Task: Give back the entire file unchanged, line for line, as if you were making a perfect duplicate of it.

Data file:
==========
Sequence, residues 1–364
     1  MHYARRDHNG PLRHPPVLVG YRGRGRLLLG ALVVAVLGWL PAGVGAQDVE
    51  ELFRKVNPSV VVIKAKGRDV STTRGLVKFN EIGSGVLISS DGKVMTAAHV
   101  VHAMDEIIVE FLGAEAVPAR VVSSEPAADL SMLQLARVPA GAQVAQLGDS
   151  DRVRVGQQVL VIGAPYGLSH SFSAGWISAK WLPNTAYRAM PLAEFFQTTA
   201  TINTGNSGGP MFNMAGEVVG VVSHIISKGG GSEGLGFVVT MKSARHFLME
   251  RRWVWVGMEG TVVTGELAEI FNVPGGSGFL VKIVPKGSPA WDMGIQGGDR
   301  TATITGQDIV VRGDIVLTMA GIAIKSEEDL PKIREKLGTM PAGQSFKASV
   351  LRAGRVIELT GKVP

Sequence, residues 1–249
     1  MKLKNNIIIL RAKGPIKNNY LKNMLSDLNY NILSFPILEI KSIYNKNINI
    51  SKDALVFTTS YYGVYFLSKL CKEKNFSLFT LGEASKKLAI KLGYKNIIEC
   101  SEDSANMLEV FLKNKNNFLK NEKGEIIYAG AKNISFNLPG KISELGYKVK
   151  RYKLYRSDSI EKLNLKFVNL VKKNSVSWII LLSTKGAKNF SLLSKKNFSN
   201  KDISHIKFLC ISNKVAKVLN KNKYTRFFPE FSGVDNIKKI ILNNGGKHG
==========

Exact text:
Sequence, residues 1–364
     1  MHYARRDHNG PLRHPPVLVG YRGRGRLLLG ALVVAVLGWL PAGVGAQDVE
    51  ELFRKVNPSV VVIKAKGRDV STTRGLVKFN EIGSGVLISS DGKVMTAAHV
   101  VHAMDEIIVE FLGAEAVPAR VVSSEPAADL SMLQLARVPA GAQVAQLGDS
   151  DRVRVGQQVL VIGAPYGLSH SFSAGWISAK WLPNTAYRAM PLAEFFQTTA
   201  TINTGNSGGP MFNMAGEVVG VVSHIISKGG GSEGLGFVVT MKSARHFLME
   251  RRWVWVGMEG TVVTGELAEI FNVPGGSGFL VKIVPKGSPA WDMGIQGGDR
   301  TATITGQDIV VRGDIVLTMA GIAIKSEEDL PKIREKLGTM PAGQSFKASV
   351  LRAGRVIELT GKVP

Sequence, residues 1–249
     1  MKLKNNIIIL RAKGPIKNNY LKNMLSDLNY NILSFPILEI KSIYNKNINI
    51  SKDALVFTTS YYGVYFLSKL CKEKNFSLFT LGEASKKLAI KLGYKNIIEC
   101  SEDSANMLEV FLKNKNNFLK NEKGEIIYAG AKNISFNLPG KISELGYKVK
   151  RYKLYRSDSI EKLNLKFVNL VKKNSVSWII LLSTKGAKNF SLLSKKNFSN
   201  KDISHIKFLC ISNKVAKVLN KNKYTRFFPE FSGVDNIKKI ILNNGGKHG